You may have a need in your application to check if a particular Office app is running. Here is some sample code that does just that. Paste the following code at the top of a standard module in any Office program that supports VBA.
In this example we're checking for the heavy hitters — Excel, Outlook, Access, PowerPoint and Word.
Public Enum OfficeAppName ' enums always start from zero, unless otherwise specified ' for demonstration purposes (on the worksheet), start from 1 Outlook = 1 PowerPoint = 2 Excel = 3 Word = 4 Publisher = 5 Access = 6 End Enum Function IsAppRunning(appName As OfficeAppName) As Boolean ' check if a particular Office app is running On Error GoTo NotRunning Dim officeApp As Object Dim appString As String ' assume true IsAppRunning = True ' determine which app is being checked Select Case appName Case 1 ' Outlook appString = "Outlook" Case 2 ' PowerPoint appString = "PowerPoint" Case 3 ' Excel appString = "Excel" Case 4 ' Word appString = "Word" Case 5 ' Publisher appString = "Publisher" Case 6 ' Access appString = "Access" End Select ' try to hook into existing object Set officeApp = GetObject(, appString & ".Application") ExitProc: Exit Function NotRunning: IsAppRunning = False Resume ExitProc End Function
Let's examine what the code above is doing. First we declare a set of enumerated constants as type OfficeAppName. The enums always start from zero, but we'll start from one to demonstrate a worksheet technique later on. For now it's only important to know that we're creating a new data type with values from one through six, represented by the friendly terms Outlook, PowerPoint, Excel, Word, Publisher, Access.
The reason we use the Enum section is so we can create our own Intellisense, and prevent invalid entries. If you type IsAppRunning( and then ignore the dropdown and enter something different, you'll get an "Argument not optional" error when you run the code.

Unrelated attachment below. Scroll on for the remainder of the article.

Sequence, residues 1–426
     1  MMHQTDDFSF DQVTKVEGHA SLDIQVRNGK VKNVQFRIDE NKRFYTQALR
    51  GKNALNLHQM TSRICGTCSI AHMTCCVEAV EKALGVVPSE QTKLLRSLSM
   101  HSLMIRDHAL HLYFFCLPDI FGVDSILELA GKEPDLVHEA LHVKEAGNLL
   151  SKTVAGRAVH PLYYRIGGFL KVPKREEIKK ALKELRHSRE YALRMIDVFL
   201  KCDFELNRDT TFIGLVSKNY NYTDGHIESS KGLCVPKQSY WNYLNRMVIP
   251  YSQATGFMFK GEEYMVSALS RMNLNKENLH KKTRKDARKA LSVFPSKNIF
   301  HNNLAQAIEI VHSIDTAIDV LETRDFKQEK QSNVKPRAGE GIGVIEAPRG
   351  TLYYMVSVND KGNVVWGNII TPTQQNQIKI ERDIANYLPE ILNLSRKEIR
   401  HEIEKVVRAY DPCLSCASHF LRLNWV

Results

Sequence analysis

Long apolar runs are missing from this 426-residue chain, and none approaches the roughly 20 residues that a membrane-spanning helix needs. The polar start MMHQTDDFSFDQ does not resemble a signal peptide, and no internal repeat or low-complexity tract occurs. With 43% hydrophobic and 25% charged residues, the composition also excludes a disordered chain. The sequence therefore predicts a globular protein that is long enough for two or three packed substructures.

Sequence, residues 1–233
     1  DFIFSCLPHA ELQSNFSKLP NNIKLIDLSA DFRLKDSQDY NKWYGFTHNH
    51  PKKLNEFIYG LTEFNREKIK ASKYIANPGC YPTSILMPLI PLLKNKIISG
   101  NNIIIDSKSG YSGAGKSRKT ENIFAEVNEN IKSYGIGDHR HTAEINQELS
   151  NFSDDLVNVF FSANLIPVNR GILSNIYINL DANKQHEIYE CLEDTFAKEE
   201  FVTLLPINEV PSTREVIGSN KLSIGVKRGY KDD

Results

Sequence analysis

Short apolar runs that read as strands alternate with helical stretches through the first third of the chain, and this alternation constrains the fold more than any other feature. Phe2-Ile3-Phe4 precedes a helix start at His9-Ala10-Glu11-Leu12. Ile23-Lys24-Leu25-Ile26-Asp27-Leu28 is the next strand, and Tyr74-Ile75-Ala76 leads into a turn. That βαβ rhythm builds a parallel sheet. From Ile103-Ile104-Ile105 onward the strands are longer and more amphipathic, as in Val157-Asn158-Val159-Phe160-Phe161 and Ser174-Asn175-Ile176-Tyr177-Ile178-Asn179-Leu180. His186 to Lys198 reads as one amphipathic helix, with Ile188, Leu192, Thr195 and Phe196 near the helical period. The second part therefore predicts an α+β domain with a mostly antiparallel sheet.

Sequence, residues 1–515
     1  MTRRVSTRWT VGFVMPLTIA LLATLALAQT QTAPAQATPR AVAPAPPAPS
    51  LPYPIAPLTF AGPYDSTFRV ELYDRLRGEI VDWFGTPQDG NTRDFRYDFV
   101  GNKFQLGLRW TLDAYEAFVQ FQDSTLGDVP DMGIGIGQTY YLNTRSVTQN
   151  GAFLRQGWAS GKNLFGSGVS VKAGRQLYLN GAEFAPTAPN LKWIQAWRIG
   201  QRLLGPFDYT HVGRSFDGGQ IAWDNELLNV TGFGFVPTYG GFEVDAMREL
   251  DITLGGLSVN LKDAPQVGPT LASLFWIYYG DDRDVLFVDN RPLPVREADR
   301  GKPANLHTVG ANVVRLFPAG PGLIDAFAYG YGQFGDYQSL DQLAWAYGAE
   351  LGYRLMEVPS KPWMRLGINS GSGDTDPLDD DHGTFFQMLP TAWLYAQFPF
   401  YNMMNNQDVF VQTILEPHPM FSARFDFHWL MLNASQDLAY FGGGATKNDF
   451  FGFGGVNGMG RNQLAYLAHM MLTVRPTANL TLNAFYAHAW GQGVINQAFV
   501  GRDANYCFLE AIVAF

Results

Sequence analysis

Note that the IsAppRunning procedure is similar to the code I posted in Easy Application.Object References.
IsAppRunning takes one parameter: one of the custom data types we created, and it returns a boolean. If the specified application is running, it returns true, otherwise it returns false.
OfficeAppName must be translated back into the application name, so we use a Select Case statement to produce a string literal that we'll need in the GetObject call. Before that, though, we set IsAppRunning to true by default. I find it much easier to manage errors this way — by assuming the return value will be true, then setting it to false in the error handler. This way, you are only setting it false in one place (in the error handler, which is only reached if an error occurs!), instead of trying to use multiple error-checking if statements sprinkled all over your procedure, meshed with the logic of your program.
Sub TestGet() MsgBox IsAppRunning(PowerPoint) End Sub
But we're taking this example even further, with a worksheet example. Since we're working with a function, we can use it directly from the Excel worksheet, but with a twist.
First I took a blank workbook, displayed the Forms toolbar (View » Toolbars » Forms) and drew a listbox on the first worksheet. I right-clicked the control and selected "Format Control", then went to the Control tab and selected an Input range and Cell link. For Input range I chose A2:A7 and Cell link is A11.
The Input range will be what entries will be displayed in the listbox, while Cell link is the cell that will show which item in the listbox is selected.
The listbox is blank, so let's fill up the range with data. We'll want the end user to select from one of the Office apps specified in the Enum section in VBA, so we'll enter Office app names, in the same order and quantity as the Enum, into cells A2:A7.
| A |
2 | Outlook
3 | PowerPoint
4 | Excel
5 | Word
6 | Publisher
7 | Access
Once complete, you'll see the listbox populated with Office app names, in the same order as the worksheet (which we've also entered in the same order as in the VBA Enum).
The Cell link in A11 will show the position of the currently selected item in the listbox. Notice that as you click each one, the numbers cycle from one through six. This corresponds to the constant number we assigned in the Enum. So all we need to do is pass the value of the linked cell to the IsAppRunning function, and since we set up the Input range in the same order as the Enum, it will return true if the selected Office app is running, or false otherwise.
Now hopefully you understand why I started the enumeration from one instead of zero. The cell link is one-based, so if we started from zero, the formula in cell A15 (see below) would have to be =IsAppRunning(A11-1), which is awkward.
I went a small step further and also used conditional formatting to change the fill color of the cell if the value is True. Here's a screenshot of the final result:
If you want to download a sample workbook with the VBA code above, and the listbox and ranges, click on the button below.